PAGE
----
Script codes in RFC 3066
Caoimhin O Donnaile
caoimhin at smo.uhi.ac.uk
Wed Apr 9 22:21:21 CEST 2003
On Wed, 9 Apr 2003, John Cowan wrote:
> > a system of atomic (unstructured) codes together with an online
> > database giving:
> > - hierarchic information for all extant codes
> What kind of hierarchic information are you referring to: below the language
> level (like en-us vs. en-ie) or above it? If the latter, I agree; there is
> no need to tag that. But it is useful to see at once that en-us and en-ie have
> some degree of interoperability (if we met, I'd probably understand your
> English) which is appropriately expressed by a tag hierarchy.
I was thinking mostly of hierarchic information above the language
level - e.g. recording the fact that Scottish Gaelic is a Goidelic
language, which in turn are a branch of the Celtic languages, which
in turn are a branch of the Indo-european family.
However, my inclination would be extend the "database" mechanism
slightly below "language" level to encompass major dialects, partly
because I think it will be a useful mechanism, partly because opinions
may change as to what is and is not a separate language - e.g.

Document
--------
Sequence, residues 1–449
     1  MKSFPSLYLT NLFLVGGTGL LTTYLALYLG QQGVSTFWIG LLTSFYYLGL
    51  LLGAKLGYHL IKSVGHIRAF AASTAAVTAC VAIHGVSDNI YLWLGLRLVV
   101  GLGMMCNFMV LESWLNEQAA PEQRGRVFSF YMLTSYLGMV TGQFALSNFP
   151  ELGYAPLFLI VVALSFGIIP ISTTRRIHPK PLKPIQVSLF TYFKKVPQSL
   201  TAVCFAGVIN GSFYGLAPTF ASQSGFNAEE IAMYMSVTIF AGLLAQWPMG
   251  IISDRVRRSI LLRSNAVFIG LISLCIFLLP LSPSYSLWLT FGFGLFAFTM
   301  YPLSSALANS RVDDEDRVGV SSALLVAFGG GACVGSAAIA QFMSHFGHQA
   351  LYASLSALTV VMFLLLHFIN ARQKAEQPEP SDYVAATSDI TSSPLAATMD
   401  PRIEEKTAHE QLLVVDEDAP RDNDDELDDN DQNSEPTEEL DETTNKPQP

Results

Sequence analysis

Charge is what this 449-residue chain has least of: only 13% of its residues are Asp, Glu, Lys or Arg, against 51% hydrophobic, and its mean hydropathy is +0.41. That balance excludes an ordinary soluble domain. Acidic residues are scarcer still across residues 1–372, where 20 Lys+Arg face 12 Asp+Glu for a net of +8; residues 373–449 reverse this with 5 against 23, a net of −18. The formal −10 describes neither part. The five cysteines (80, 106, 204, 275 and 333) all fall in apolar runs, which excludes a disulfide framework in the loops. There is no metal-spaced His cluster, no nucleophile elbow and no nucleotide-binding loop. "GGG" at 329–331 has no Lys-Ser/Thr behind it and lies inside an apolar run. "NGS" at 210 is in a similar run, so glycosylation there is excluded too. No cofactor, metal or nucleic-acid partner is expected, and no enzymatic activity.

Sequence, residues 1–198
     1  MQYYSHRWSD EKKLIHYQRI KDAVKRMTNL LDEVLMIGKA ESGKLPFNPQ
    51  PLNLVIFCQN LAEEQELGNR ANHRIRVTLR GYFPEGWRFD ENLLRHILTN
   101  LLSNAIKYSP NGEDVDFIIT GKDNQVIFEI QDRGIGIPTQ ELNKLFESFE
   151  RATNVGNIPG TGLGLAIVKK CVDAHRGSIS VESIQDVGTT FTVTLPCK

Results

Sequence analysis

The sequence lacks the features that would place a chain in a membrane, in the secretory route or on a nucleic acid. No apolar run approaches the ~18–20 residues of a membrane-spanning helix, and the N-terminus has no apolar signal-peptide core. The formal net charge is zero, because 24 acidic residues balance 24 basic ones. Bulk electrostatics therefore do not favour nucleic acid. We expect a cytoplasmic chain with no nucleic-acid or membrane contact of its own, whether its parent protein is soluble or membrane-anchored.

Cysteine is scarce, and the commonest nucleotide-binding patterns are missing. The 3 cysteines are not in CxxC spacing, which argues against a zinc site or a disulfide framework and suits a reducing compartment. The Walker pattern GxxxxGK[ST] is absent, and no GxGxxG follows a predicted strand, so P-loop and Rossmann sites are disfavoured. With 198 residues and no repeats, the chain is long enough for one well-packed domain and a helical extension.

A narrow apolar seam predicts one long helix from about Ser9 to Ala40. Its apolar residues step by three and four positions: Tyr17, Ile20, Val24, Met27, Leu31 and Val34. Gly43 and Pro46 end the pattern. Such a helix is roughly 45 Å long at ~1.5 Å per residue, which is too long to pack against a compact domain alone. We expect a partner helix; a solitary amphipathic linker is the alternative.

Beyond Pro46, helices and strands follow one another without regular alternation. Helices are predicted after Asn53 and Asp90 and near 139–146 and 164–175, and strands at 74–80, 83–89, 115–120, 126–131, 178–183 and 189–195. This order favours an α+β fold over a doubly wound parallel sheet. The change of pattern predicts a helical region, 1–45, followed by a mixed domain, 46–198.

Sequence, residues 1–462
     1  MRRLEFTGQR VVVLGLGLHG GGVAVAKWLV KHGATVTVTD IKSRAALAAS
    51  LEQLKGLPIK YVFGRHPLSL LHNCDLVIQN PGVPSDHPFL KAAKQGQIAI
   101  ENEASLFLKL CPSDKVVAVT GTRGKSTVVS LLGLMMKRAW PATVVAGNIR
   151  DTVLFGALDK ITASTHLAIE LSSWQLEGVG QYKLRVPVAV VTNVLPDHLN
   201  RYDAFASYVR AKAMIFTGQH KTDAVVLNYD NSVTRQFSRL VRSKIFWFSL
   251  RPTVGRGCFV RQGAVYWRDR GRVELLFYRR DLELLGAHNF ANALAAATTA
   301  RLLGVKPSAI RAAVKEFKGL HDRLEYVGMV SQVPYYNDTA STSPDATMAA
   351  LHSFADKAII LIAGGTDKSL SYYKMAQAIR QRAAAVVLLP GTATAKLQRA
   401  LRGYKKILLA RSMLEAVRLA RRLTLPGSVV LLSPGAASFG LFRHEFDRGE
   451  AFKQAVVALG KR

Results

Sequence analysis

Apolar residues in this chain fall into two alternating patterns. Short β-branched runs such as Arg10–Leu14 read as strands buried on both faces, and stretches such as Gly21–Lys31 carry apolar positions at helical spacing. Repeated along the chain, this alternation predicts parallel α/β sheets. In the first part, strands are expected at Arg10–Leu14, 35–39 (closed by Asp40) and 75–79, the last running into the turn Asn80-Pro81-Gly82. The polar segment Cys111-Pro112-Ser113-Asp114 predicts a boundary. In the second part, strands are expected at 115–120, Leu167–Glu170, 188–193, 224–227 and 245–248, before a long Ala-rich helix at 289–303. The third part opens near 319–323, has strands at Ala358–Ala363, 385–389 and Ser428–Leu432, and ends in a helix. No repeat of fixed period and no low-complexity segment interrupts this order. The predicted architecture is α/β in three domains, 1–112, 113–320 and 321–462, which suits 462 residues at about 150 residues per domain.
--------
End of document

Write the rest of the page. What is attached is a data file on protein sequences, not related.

The main question is whether it is sensible to assume that all
language-aware software will in the future work with such a
"languages database". The database would be quite small - tens
of kilobytes, and even less if compressed - and software which did
not try to be all-encompassing could cache a small part of it
and generate an Internet query for anything else.
The database could also store all sorts of other useful information
apart from language family hierarchies. e.g.:
- "is a sign language"
- "is an artificial language"
- "is believed to be extinct"
- "is a South American language"
- "is usually written in Cyrillic script"
I mentioned before codes for historical languages from different
periods as eating into the codespace, as well as obsoleted codes
as scholarship progresses, but I forgot to mention another major
factor. I think that the codes for nodes in the hierarchy should
be in the same codespace, because at the lower levels opinions
may change over time as to what is a "node" and what is a separate
language (as in the examples above), and because it as well to keep to
the same system for the higher levels too.
It seems a pity to me that 4-letter semi-mnemonic codes were not
used for the languages codespace and 3-letter codes for scripts,
rather than the other way round. But I guess it is too late to
change that now.
More information about the Ietf-languages